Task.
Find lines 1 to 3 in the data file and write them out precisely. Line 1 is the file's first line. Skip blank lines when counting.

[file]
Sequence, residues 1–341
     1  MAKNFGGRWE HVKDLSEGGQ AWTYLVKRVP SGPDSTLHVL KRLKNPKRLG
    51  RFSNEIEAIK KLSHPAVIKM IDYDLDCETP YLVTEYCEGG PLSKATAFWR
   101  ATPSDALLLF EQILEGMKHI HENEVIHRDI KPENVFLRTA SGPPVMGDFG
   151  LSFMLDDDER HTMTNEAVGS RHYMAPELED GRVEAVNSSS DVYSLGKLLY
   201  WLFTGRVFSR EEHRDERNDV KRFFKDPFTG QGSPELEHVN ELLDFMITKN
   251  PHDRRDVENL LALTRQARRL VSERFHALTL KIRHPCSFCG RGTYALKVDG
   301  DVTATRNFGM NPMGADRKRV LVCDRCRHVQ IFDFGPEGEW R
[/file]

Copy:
Sequence, residues 1–341
     1  MAKNFGGRWE HVKDLSEGGQ AWTYLVKRVP SGPDSTLHVL KRLKNPKRLG
    51  RFSNEIEAIK KLSHPAVIKM IDYDLDCETP YLVTEYCEGG PLSKATAFWR